July 18, 2006

Hezbollah and Hamas - the Iranian connection

This appeared at MSNBC Hardblogger July 18, 2006

(This is an updated and edited version of my earlier post: Hamas, Israel, Syria and Iran - All Pieces of the Same Puzzle.)

Since late June, Israeli forces have been involved in military operations in Gaza, and since July 12 in Lebanon as well. On the surface, it appears that these are conflicts between the Israel and Palestinian Hamas (acronym for “Islamic Resistance Movement”), and between Israel and Lebanese Hezbollah (the “Party of God”). It is that, but the conflicts highlight a series of complex Byzantine relationships, spanning the region from Gaza Strip, north to Lebanon, east to Syria, and finally to Iran.

Iran’s direct involvement in Lebanon goes back to 1982 when elements of the Islamic Revolutionary Guard Corps (IRGC) were dispatched to Lebanon to provide support for the newly-created Hezbollah. The IRGC contingent provided the ingredients necessary for any successful insurgent/guerrilla operations – money, weapons and training. Their operations soon expanded south to the various Palestinian groups – including the Popular Front for the Liberation of Palestine – General Command (PFLP-GC), several factions of the Palestinian Islamic Jihad (PIJ) and of course, Hamas. By the early 1990’s, Iran was the primary sponsor of these groups.

How do money, weapons and training get from Iran to these groups? There are several routes, but the primary route is through Syria, a close ally of Iran. The Iranian-Syrian relationship goes back decades - Syria was the only Arab state to support Iran during the 1980-1988 Iran-Iraq war. That relationship soon matured into a formal defense cooperation agreement between the two countries. The defense pact was renewed last month in Tehran.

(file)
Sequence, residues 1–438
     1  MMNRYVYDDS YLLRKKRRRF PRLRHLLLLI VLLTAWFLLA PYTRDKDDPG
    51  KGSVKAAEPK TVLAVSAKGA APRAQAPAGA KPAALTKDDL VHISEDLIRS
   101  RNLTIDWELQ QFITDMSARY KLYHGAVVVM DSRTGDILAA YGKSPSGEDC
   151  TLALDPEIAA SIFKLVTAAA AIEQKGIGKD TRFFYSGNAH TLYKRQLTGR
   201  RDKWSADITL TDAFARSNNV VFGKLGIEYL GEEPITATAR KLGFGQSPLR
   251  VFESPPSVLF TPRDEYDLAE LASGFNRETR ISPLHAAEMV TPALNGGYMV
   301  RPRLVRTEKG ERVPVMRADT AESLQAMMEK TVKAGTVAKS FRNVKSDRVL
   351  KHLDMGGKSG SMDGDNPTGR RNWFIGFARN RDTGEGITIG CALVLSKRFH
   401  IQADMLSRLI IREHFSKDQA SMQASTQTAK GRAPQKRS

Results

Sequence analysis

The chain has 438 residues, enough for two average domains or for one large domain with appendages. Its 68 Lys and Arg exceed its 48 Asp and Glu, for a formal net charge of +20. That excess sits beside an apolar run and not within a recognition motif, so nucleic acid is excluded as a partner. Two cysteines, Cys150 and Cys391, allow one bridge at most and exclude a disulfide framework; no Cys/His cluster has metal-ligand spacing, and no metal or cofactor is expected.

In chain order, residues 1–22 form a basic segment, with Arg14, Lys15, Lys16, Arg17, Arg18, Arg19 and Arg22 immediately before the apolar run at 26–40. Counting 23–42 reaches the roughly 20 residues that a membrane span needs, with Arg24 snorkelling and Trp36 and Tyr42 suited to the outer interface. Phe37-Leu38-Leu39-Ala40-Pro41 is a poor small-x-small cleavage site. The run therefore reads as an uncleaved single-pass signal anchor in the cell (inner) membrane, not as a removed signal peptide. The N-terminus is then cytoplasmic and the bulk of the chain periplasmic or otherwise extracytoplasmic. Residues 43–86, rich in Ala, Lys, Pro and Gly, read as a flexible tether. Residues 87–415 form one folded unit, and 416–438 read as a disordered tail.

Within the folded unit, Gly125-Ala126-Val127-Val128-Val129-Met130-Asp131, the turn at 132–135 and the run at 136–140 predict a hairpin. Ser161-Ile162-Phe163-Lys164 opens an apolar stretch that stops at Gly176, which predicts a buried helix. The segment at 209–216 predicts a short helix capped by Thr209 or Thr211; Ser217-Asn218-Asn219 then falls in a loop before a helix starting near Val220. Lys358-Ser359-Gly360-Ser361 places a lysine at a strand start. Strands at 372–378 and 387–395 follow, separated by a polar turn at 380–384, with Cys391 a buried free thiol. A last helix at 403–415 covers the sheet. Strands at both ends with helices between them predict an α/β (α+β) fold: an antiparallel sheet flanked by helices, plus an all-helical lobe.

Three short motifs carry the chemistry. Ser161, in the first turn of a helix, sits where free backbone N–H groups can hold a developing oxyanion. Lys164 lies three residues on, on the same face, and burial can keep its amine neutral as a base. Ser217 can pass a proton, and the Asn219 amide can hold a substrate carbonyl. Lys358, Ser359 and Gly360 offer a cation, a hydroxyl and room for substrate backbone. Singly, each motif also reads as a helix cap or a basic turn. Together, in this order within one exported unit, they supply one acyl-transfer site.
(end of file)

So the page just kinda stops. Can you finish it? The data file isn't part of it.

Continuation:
Over the years, the Syrians have made no effort to hide Iranian access to Damascus International Airport as a key component of the Hezbollah supply line. From the airport it is a short drive (30 minutes) on the Beirut-Damascus highway to the Lebanese border and the Biqa’ Valley. For years, Iranian air force 747 cargo aircraft have routinely delivered arms and supplies to Hezbollah and Palestinian groups at the airport – and as of March 2006 still do. This activity is not hidden on the military side of the airport – this was done on the civilian side in plain view.

I served in Syria as the air attaché at the American embassy. Often while at the Damascus airport, I observed this activity. On one ocassion, I was there with an American Congressional delegation when this activity was taking place. The aircraft were clearly labeled as Iranian air force; the trucks bore the unmistakeable Hezbollah logo. When all is said and done, the money, weapons and training used to fuel operations of Hamas in Gaza and Hezbollah in Lebanon can be traced to Iran, but the line goes through Damascus. Without Syria’s cooperation with Iran to allow Iranian supplies to flow through Damascus, neither Hamas nor Hezbollah would be able to conduct effective operations.